I also hope that if you read and enjoy AN ELFY ON THE LOOSE, you won’t be averse to letting people know my book exists. Because I need all the help I can get . . . and I’m not shy about saying so.
Too many people get caught up in conspicuous consumption on Valentine’s Day, because commercials and books and movies and nearly every possible thing says, “You must buy a whole lot of unnecessary things, or your partner won’t know you love them!” Even if you walk into a grocery store, there will be reminders that Valentine’s Day is just around the corner, so have you bought your cake/roses/card/fill-in-the-blank yet? (The most inventive one I’ve seen around here was over at Festival Foods in Mount Pleasant, where they’re offering a Valentine’s Day dinner, catered, that you can pick up for something like $42. That might actually be useful, and didn’t bother me…but I can see where it might bother someone who feels pressured to do something for Valentine’s Day.)
The thing is, as I’ve said before, Valentine’s Day is not for conspicuous consumption. It is for love. But somehow, in our consumer-driven society, we’ve gotten it into our heads that the only way to love someone is to buy him or her a whole lot of stuff…and that’s just not right.
Let me give you a few examples.
The best Valentine’s Day I’ve ever had was in 2003. Why was it so good? Well, Michael was with me, then, and the two of us had a great and quiet dinner at home, watched some of his favorite “Danger Mouse” videos (Michael loved them, and I enjoyed ’em, too — mostly because I liked seeing how he reacted to them), and then retired to “none of your business land.”
Note that this didn’t cost us anything. We already had the “Danger Mouse” videos. We already had the food. We already had anything else we needed in the house…we didn’t need roses, or wine, or fancy chocolates, or even sushi (something Michael and I both enjoyed, and I continue to appreciate), because we had each other and that’s what counted.
And my second favorite Valentine’s Day was in 2004. Michael and I had just moved from San Francisco to Iowa, and were living in a motel. The move had been stressful and we were close to flat broke, and finding work was a challenge that we hadn’t expected.
So, what did Michael do? This time, we went to a scenic overlook outside Davenport on I-80 with a couple of sub sandwiches, some soda, and sat and talked. It was the middle of winter, but I didn’t feel cold…and I don’t think he did, either. We felt the world was full of possibilities, because we were with each another…and I was touched that Michael remembered I liked spicy-hot peppers on my sub (something he wouldn’t touch because of long-term stomach distress).
You see, if a guy remembers what you like, that is sexy to a woman. Michael knew that.
Now, what did I do for these Valentine’s Day outings? (Maybe you’re asking this, and it’s a valid question.) Mostly, I was there and fully in the moment…yes, I’d asked Michael what he wanted on both days, and I’d actually tried to cook for him in 2003, but he wasn’t having it. (Mostly, Michael cooked for us, because he enjoyed it. And besides, he said I’d done too much for people as it was, over the years; now it was time someone did something for me.) I did suggest the “Danger Mouse” videos in 2003, and I probably suggested going out for subs in 2004…but for the most part, Michael made those outings happen.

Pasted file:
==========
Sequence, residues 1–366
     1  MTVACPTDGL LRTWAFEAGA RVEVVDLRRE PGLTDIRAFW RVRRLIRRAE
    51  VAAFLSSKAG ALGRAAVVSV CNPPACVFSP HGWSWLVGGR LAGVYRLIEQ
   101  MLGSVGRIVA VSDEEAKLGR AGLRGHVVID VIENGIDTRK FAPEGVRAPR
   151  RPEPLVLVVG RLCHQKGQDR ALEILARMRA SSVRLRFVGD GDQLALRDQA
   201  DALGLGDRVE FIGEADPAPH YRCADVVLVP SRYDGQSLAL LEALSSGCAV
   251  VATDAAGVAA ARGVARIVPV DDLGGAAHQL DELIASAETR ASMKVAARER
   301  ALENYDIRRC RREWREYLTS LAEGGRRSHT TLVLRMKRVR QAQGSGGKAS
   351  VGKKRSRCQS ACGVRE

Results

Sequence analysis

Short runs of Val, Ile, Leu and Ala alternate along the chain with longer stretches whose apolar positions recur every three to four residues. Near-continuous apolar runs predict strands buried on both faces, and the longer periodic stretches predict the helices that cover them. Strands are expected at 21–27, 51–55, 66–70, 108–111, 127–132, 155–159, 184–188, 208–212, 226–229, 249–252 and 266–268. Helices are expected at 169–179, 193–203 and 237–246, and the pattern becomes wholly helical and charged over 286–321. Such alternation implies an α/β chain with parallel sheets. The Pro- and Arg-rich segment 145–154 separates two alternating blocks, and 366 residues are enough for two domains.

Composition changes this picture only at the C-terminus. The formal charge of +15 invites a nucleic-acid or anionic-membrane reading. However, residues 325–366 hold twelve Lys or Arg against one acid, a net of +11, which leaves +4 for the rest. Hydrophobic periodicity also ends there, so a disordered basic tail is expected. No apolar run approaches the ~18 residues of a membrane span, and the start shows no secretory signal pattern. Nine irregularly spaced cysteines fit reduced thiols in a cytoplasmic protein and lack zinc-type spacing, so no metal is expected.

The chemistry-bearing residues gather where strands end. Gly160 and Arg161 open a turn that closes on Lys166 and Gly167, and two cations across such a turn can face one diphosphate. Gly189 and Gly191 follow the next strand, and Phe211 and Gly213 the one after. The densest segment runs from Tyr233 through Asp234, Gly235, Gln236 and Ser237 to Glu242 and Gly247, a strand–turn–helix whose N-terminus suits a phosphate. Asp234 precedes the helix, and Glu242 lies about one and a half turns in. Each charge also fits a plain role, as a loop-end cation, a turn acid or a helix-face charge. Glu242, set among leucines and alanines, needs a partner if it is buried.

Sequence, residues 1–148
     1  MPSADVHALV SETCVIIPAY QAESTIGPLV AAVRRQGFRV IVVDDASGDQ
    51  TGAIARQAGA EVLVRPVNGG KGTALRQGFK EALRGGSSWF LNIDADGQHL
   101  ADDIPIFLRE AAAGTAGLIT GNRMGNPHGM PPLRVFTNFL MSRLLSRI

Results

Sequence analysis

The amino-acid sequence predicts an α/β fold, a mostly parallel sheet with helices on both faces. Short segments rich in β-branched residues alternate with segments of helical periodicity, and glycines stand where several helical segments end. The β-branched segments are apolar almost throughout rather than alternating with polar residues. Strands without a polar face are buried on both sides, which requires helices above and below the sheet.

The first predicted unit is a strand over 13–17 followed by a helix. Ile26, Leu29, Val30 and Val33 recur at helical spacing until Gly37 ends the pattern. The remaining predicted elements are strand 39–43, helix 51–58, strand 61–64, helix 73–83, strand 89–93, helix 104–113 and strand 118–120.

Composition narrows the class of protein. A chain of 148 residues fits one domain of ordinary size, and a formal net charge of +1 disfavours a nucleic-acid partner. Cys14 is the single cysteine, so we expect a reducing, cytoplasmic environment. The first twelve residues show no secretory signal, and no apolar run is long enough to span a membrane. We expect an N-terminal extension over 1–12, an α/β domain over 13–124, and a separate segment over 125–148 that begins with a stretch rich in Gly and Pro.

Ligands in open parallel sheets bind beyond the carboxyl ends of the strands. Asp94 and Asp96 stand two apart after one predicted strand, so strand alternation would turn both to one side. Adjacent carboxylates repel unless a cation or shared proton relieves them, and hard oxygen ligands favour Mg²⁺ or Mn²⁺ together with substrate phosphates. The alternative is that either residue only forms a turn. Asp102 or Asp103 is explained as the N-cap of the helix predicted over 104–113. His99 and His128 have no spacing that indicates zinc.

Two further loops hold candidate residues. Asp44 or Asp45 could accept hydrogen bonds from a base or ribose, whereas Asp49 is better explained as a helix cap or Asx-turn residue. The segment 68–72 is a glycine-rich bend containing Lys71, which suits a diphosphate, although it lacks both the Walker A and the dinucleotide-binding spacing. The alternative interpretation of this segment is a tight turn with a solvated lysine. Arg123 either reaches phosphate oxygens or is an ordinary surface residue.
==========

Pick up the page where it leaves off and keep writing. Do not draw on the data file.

So, to sum up…the important thing about Valentine’s Day, or any day, is for your partner to know that he or she is loved. Spending large amounts of money on a Pajamagram or a Vermont teddy bear or fancy chocolates (much though I enjoy that) is not necessary. Showing you care, that you pay attention, that you know what your partner likes…listening to him/her speak and asking intelligent questions (or giving intelligent answers)…being fully in that moment with him/her, with your cell phones/tablets off and your attention undivided…well, those are by far the best gifts you can give.
Don’t let the “must spend big money NOW!” narrative of the commercials blind you to this, OK?
Folks, it’s been a while since I was able to announce something fun for one of my friends, but I’m happy to do so tonight.
As some of you might know, Loren K. Jones has been a friend of mine for many years now; he knew my husband Michael well, though by long-distance, and Michael edited for Loren. (I have also edited books and stories for Loren since Michael’s passing.)
Now, Loren’s first novel for Twilight Times Books, INADVERTENT ADVENTURES — a funny military SF adventure — is now available for purchase at Amazon. And for a week or so as an introductory deal, it’ll be available for only ninety-nine cents. (Yes, I grabbed a copy right away. I have no shame.) It will also be available via OmniLit and Barnes and Noble within a day or so.
Loren’s a fine writer, and I’m glad to let you all know his latest novel is available…especially as many of his other works are currently out of print. (Don’t worry; I asked him about this recently, and he told me he’s working on bringing them back. And if INADVERTENT ADVENTURES does as well as I’m hoping, maybe that’ll be sooner rather than later.)
This is a big deal for Loren, and I’m very happy to support him and his efforts.
So, please do take a gander at Loren’s novel — hey, it’s only ninety-nine cents right now, so how could you go wrong? — and then come back and let me know what you think.
Folks, it’s no secret that I’m looking for more readers for my series about Bruno the Elfy and his mostly-human teenage girlfriend, Sarah. I’ve tried a number of things to get the word out about my writing, with mixed success…and sometimes, that makes me quite frustrated.